(1) When the teeth are together (required for clenching/grinding), the packet will rupture
This Assumption can be verified easily by the user when awake.
(2) When the packet ruptures, the substance released will be sufficiently disagreeable to wake or otherwise alert the user
There is effectively no limit to the disagreeable taste of liquid substances. Consider the use of capsaicin, the harmless "active ingredient" in tabasco sauce, jalapeno peppers, and “pepper spray”. Pure capsaicin is not a substance one would want to come into contact with, being approximately 5000 times hotter than Tabasco sauce. However, a suitably diluted solution that is safe will still be (temporarily) quite uncomfortable. A wide variety of substances are available that have equal potential. It is therefore likely that a suitable substance could be identified for any given individual. Additionally, if the user wakes with a broken packet and no recollection of the event, he or she will be aware that a stronger solution is needed.
(3) Upon breaking packets, the user has the presence of mind to replace fresh packets on the device, or use another device pre-loaded with packets
This may be the most difficult assumption to validate. The behavior of sleepy people is difficult to predict. However, there are strategies to help, such as producing a series of packets containing increasing concentrations of the chosen substance. A user could start with a mild solution and “dial up” the strength only as needed. Another strategy is to have another identical device available on the nightstand so that it is very easy to replace. Additionally, anecdotal evidence indicates that even if packets are not replaced, the frequency of bruxing (as experienced on subsequent nights) is still likely to decrease.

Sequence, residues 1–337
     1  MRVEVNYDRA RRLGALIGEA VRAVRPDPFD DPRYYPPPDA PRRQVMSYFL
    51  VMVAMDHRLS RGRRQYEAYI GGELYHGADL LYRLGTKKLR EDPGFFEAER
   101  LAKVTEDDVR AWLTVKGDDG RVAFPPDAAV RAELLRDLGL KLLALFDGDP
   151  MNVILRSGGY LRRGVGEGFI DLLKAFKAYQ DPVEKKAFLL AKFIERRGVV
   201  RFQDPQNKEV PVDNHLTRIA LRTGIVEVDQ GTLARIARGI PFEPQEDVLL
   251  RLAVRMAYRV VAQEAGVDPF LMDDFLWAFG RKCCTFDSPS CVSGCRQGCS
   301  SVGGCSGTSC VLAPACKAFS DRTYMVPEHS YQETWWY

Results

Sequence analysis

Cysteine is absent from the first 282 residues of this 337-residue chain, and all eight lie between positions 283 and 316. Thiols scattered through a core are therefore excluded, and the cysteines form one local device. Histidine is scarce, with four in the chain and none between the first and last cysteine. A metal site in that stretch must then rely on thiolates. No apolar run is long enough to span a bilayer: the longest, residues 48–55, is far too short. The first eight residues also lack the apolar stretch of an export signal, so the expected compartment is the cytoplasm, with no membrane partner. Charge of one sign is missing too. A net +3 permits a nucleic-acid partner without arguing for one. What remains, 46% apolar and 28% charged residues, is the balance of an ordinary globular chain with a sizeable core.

Taking these assumptions one at a time, they all seem very reasonable and defensible for a motivated bruxer. A fourth assumption makes the approach more appealing:
(4) The frequency with which the user breaks packets will decrease over time as the subconscious is reinforced that this behavior is immediately unpleasant.
Anecdotal data from the very few users that have been able to independently construct taste-based devices support assumption (4). The general pattern seems to be that for the initial period of usage a user may be awakened relatively frequently, followed by a decrease in bruxing, perhaps only breaking a packet every couple of weeks. Clearly a clinical test will be required to fully validate this assumption.